Sprintires: MudRunner – Review
PC, Xbox One, PS4
When I was asked to review Spintires: MudRunner, I thought ‘sure, why not?’. I like driving games, so let’s give it a bash! After sinking some hours into this title, I am well aware that this game is not like any other driving game on the market, or like any other game, period. What it is however, is frustrating in parts but mostly just a whole lot of awesome.
The aim of the game is simple (or so I thought): you’re a delivery driver, delivering logs to various lumber yards around the place. Easy, right? HA.
I thought ‘how hard can it be? All I have to do is take some logs from one place to another’. Oh, how wrong I was. MudRunner is less about fanging it around in the dirt with some logs on your trailer, and more about off-road vehicle simulation, something I did not realise at first. I kept expecting to be able to floor it down the road and through the puddles with no issues, so needless to say, I got bogged a whole freaking lot.
The game is split up into various game modes to suit a variety of play styles. After I muddled my way through the tutorial I decided to give some challenges a go. Challenges are short, goal-oriented activities that the game recommends you complete to learn about a range of techniques and aspects that aren’t covered in the tutorial. It’s a great way to digest bite-size pieces of information if you’re not familiar with the genre or title at all, so off I went.
Challenge 1 seemed easy: drive truck to trailer, load it onto your vehicle and then unload it at a destination elsewhere. Challenges also have bonus objectives you can choose to complete as you go, and one of mine was ‘don’t drive on the wrong side of the road’. I cocked that up immediately, which was excellent work on my part (though in my defence, in Australia we drive on the left).
Once I got onto the right side of the road, I promptly missed my turn off. Good going Jenn. I backed up, turned down the right road and, forgetting everything I had learned in the tutorial, immediately got stuck in a mud puddle. Unfortunately, because I spent so long spinning my tires trying to get out of the damn thing, the ground below me had turned to mush, and not even pulling myself out with a winch could help me.
This can happen to you a lot during the game. If you make too many errors trying to reverse or turn (and you will, I guarantee it) the ground below your wheels becomes useless. If you can pull yourself to better ground with the winch you can save yourself, but failing that you must suck it up and restart.
The sim games I normally play involve a lot more setting people on fire and a lot less trying to winch my way out of a giant mud puddle, but though it was frustrating at times, I found myself having fun once I had a better grasp on things.
That being said, I did have one major gripe with MudRunner; the camera. The camera deserves its own paragraph because it’s just so bad. At times, it seems like it is your friend and wants to help you get from A to B. At other times, it feels like the camera is your enemy, kicking you in the dick at every single opportunity. I understand it must be difficult to try and angle it to fit a giant semi-trailer in the screen whilst still showing the gamer all the important information, but a lot of the time I felt like I had to sacrifice one viewpoint for another. In the end, I wound up using the cockpit camera a lot, because at least that way I could see where the heck I was going.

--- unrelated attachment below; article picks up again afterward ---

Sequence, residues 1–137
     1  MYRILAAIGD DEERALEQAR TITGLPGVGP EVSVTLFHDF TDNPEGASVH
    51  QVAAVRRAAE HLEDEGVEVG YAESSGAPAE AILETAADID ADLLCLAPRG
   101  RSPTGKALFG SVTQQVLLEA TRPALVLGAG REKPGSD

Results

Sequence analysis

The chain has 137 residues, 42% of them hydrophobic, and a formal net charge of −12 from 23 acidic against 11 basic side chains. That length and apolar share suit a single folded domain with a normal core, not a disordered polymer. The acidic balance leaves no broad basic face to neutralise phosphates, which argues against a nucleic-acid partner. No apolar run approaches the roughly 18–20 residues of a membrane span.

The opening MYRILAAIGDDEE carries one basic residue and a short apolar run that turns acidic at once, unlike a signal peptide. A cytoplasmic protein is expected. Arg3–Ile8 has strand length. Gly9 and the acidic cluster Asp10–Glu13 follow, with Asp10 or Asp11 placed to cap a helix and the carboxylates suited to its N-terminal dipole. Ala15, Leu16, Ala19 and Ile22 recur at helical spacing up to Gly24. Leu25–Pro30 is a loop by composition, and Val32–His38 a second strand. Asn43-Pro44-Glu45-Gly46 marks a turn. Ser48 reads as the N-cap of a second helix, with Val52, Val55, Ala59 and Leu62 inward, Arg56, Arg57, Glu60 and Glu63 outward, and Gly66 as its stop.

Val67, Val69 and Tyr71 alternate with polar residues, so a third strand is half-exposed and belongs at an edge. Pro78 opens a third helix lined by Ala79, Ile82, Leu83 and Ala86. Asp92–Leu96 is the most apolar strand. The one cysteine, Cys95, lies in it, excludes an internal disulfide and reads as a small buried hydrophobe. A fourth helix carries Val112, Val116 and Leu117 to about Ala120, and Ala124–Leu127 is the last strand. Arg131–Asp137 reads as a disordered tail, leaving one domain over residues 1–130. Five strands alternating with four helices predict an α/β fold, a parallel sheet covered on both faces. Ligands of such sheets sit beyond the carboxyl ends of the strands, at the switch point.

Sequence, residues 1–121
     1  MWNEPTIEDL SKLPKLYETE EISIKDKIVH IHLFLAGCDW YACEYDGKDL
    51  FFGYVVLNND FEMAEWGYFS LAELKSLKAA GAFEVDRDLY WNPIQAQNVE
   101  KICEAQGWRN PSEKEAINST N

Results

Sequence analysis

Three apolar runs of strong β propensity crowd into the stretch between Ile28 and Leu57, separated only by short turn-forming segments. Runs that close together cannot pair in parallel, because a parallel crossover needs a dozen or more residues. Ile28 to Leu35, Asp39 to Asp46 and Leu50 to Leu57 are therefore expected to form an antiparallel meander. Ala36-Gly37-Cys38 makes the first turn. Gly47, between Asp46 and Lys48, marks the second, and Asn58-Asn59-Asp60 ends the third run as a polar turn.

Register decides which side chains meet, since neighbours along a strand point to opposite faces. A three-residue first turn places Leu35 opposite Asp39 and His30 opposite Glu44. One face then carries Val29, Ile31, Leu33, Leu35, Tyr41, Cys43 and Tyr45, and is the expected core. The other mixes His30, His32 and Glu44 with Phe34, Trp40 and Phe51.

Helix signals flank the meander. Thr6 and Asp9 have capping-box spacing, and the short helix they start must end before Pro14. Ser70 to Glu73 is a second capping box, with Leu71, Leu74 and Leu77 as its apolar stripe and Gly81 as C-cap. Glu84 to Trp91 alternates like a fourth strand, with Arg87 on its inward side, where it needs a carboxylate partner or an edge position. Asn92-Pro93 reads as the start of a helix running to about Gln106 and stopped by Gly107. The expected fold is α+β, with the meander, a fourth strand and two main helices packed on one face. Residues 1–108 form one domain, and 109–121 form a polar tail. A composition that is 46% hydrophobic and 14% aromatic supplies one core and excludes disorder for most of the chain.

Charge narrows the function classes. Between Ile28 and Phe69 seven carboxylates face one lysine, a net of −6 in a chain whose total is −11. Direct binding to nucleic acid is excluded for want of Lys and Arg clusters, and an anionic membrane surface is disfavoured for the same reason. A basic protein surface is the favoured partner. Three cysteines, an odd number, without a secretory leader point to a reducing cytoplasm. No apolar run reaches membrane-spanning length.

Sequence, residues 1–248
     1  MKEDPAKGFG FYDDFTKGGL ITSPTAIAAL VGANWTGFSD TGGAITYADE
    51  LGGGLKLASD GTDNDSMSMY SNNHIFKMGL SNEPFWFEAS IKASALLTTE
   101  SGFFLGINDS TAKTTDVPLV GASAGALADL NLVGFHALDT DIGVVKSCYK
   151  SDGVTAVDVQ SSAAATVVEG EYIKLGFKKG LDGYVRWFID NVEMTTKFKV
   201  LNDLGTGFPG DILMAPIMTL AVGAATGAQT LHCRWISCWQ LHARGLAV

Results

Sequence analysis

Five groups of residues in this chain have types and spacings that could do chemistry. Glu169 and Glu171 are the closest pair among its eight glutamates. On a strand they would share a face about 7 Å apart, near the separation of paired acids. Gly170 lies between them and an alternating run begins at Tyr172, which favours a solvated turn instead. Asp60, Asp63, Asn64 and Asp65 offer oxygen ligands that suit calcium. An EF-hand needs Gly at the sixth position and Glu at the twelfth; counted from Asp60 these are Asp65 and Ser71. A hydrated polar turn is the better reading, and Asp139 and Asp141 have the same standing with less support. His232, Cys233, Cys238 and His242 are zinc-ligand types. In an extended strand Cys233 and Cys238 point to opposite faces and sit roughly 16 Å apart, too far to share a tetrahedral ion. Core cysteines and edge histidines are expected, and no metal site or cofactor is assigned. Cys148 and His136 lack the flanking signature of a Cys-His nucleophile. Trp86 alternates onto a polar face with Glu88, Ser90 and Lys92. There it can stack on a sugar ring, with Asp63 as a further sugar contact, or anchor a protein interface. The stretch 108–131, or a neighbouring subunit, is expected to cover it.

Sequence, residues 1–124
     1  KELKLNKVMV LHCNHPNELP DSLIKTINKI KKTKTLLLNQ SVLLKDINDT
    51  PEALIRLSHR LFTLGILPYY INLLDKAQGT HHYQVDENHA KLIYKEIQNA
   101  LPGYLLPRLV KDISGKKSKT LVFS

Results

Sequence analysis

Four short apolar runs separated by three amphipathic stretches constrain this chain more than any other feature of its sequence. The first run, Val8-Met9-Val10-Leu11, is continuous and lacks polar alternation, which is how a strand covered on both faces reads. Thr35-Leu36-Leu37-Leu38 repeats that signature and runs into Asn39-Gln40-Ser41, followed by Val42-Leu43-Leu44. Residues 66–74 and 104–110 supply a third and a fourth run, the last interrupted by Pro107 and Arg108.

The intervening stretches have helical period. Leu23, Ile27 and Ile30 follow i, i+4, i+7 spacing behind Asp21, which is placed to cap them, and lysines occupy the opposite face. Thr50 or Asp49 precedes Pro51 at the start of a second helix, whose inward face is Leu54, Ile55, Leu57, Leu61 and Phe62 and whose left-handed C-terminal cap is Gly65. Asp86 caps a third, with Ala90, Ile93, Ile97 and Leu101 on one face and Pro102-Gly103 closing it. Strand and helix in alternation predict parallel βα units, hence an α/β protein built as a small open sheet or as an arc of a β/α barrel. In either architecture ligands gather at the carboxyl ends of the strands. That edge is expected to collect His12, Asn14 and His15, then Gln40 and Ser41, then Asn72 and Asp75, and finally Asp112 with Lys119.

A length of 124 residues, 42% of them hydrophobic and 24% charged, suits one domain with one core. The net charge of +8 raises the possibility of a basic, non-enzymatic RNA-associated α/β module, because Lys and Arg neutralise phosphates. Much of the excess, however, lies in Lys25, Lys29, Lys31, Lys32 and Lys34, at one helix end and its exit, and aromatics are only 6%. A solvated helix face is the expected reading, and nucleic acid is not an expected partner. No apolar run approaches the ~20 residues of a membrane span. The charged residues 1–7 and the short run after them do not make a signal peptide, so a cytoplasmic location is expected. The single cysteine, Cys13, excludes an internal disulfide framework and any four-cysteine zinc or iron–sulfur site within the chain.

Though the Challenge mode is new and awesome, single player mode is where the meat of the game lies. Two levels are unlocked in the beginning with more becoming available as you progress, and it’s here that this game really shines. The developers have put a lot of effort into making this title as realistic as possible; you can control the stick shift yourself or leave it on auto. You have to keep an eye on your fuel consumption, the quality of the road, the quality of your vehicle. The way the mud squelches under your tyres and the physics of trying to reverse a semi-trailer (HOW DOES ANYBODY DO THAT, IT IS FLIPPING IMPOSSIBLE) were two of my favourite things, even though the latter drove me freaking insane.
MudRunner: Spintires taught me something about myself: I cannot drive a truck. I have neither the physical strength, patience nor mental fortitude for this kind of shit, but now I have a whole new respect for people that do. Although at times this game made me swear blue murder in frustration, I can’t help but be amazed at just how good it is. It has the graphical brilliance of a triple A title, but the love and meaty gameplay of an indie. It really combines the best of both worlds, and I couldn’t recommend it highly enough to anybody who thinks there’s even a chance they might enjoy it.
Jenn’s talents lie in her ability to drink her weight in alcohol, break the sound barrier with her voice and fall down on an almost daily basis. Clumsy, loud, and scared of nothing except moths and zombies, Jenn is Player 2’s resident crazy cat lady who pretends to be a journalist in real life. Between drinking wine and forcing her cats to dance with her, Jenn can be seen lusting over fictional Bioware characters and trying to hide from adulthood.